Senior staff at Australian airline Qantas (QAN.AX) have been asked to work as baggage handlers for three months to tackle staff shortages amid ongoing global disruption to travel.
Top executives and managers at Qantas were contacted about volunteering at Melbourne and Sydney airports to carry out tasks including handling luggage and driving vehicles, as the travel chaos that has already plagued Europe appeared to spread.
The flag carrier's chief operating officer, Colin Hughes, has written to managers asking for 100 people to leave their offices and step in.
In an email to managers, Hughes wrote: "The high levels of winter flu and a COVID spike across the community, coupled with the ongoing tight labour market, make resourcing a challenge across our industry.
"There is no expectation that you will opt into this role on top of your full-time position."
Those contacted were asked to load and unload luggage, drive vehicles that carry bags between planes and terminals, and to work for three or five days a week doing shifts of four or six hours a day.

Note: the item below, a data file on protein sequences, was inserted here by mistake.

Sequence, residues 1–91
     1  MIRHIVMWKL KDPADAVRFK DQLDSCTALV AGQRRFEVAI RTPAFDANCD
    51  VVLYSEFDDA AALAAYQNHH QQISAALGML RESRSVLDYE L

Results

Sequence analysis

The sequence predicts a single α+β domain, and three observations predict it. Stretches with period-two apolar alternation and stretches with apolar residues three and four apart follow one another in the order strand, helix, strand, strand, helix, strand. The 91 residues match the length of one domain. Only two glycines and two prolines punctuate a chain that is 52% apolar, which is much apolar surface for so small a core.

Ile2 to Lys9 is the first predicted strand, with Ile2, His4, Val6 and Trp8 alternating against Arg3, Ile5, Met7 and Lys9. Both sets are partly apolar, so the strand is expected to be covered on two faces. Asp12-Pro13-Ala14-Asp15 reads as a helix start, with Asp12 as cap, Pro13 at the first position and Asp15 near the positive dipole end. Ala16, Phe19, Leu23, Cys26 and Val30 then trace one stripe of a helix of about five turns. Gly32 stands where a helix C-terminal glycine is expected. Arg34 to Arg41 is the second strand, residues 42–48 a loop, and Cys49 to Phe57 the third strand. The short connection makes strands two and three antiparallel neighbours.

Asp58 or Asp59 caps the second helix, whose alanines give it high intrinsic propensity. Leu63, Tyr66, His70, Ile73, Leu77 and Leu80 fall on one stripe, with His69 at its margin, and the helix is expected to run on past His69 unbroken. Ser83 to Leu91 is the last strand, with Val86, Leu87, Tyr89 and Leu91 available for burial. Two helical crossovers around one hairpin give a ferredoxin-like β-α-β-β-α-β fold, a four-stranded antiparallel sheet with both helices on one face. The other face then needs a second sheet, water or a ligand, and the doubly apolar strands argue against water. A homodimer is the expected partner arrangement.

Applicants must be able to move suitcases weighing as much as 32 kg.
The airline sacked more than 1,600 luggage handlers during the coronavirus pandemic. In June, Qantas cancelled more than 8% of flights cancelled amid the crisis.
The request comes as the aviation sector grapples with widespread staff shortages as airlines and airports struggle to cope with a sharp rebound in demand for travel.
Last week, British Airways, owned by International Consolidated Airlines Group (IAG.L), announced it would suspend short haul ticket sales from Heathrow up to and including 8 August.
Britain's flag carries said the decision was due to the passenger cap introduced by Heathrow airport last month.
A Qantas spokesperson, said: "We’ve been clear that our operational performance has not been meeting our customers’ expectations or the standards that we expect of ourselves – and that we’ve been pulling out all stops to improve our performance.
"As we have done in the past during busy periods, around 200 head office staff have helped at airports during peak travel periods since Easter.
"While we manage the impacts of a record flu season and ongoing COVID cases coupled with the tightest labour market in decades, we’re continuing that contingency planning across our airport operations for the next three months."
Meanwhile, the boss of JetBlue (JBLU) has said the US budget airline is having to over-hire workers in an effort to to overcome an exodus from the industry.
Robin Hayes told the BBC: "I now need to over-hire just to keep the number I need. With COVID, we lost a lot of experienced people."
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